Saturday, July 25, 2009

Prehistoric Granaries: Humans Have Been Eating Grain For A Long Time

What were humans eating before they domesticated grain? An exciting discovery in Jordan reveals that ... they were eating grain ... at least 1000 years before grain was domesticated. Specifically, wild oats and wild barley.

The finding was described in an article published in last month's Proceedings of the National Academy of Sciences:
Evidence For Food Storage And Predomestication Granaries 11,000 Years Ago In The Jordan Valley

What was found:
Very sophisticated, raised-floor food storage huts, or granaries. Here's an excavation of one of the granaries:

Click to enlarge.
"The outer walls of the structure, which was constructed ~11,300 - 11,200 BP1, are defined by a partially preserved mud wall. Inside the structure are used grinding stones in upright position that have been notched to hold wooden beams."
Here's a reconstruction of the structure above:

Click to enlarge.

The cut out in the wall is for illustration purposes only. Entry was had by that little hole to the right. The picture shows:
"... upright stones supporting larger beams, with smaller wood and reeds above, and covered by a thick coating of mud. The suspended floor sloped at 7° and served to protect stored foods from high levels of moisture and rodents."
Sloping floors, air circulation, with "many granaries in use simultaneously" - and this was 1000 years before agriculture. Where did they get all this grain? From foraging, selective gathering, and rudimentary cultivation.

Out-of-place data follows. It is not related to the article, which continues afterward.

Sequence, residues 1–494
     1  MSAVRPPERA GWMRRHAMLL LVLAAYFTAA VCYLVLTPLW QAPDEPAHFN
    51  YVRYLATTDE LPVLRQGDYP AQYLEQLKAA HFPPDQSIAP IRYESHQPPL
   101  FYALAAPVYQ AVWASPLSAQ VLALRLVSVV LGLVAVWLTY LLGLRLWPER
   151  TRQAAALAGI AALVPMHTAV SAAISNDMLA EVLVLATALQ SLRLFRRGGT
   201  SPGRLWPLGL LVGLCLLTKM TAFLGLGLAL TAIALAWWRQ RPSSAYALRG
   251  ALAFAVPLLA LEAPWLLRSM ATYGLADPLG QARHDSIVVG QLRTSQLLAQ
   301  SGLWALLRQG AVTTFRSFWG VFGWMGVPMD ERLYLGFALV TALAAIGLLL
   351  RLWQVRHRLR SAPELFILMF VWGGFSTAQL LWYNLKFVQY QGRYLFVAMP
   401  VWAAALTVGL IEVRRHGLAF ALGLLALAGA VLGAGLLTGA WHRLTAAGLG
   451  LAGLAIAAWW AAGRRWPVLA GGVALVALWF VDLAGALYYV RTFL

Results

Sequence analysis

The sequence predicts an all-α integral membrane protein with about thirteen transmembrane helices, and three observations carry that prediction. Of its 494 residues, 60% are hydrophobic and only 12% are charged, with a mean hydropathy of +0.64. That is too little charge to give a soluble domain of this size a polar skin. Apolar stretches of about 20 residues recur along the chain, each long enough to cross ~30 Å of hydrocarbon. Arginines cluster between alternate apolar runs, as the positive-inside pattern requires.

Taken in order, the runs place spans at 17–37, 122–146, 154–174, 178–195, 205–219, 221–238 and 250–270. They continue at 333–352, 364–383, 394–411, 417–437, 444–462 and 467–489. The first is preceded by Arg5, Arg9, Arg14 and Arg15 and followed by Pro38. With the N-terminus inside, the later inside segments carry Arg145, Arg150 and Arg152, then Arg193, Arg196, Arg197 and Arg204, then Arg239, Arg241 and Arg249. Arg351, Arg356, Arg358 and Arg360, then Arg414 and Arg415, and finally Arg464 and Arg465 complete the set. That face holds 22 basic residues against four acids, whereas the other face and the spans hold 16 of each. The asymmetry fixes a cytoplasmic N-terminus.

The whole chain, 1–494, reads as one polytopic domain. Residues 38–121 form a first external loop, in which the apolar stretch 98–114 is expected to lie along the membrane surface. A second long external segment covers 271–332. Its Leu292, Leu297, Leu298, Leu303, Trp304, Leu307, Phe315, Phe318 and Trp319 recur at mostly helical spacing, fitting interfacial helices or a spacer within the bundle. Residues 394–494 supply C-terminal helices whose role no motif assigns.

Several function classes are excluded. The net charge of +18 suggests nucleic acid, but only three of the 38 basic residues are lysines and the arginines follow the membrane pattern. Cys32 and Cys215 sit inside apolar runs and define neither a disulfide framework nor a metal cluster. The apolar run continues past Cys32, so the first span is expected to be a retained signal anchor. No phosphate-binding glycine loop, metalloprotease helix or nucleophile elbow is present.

So, oats and barley (there is also mention of lentils) were not new food sources, even then.

Food As Commodity Fosters Social Inequality

There's another aspect to this story. Food storage, as evidenced by these granaries, contributed to a marked change in human way-of-life - a bump in the civilization curve. Successful storage of grain led to domestication of cereals and to farming, but also to:
  • Sedentary lifestyles (and a "built landscape")
  • Population growth
  • New social organizations
The authors describe how food storage "represented a critical evolutionary shift in the relationship between people:"
"Food storage, population growth, sedentism, and social inequality are often interlinked. With greater sedentism, increased birth rates, and increased quality and quantity of domesticated foods we see the foundation for economic developments.

An excess or surplus, that is to say an amount or quantity beyond what is considered normal or sufficient, results in production beyond the immediate annual household needs. To be a true excess or surplus, it is necessary to produce enough yearly food resources to cover the subsistence needs of the group, to secure sufficient stored food to overcome any seasonal or yearly shortage, and still have remaining amounts that can be used for trade, exchange, or some form of social currency."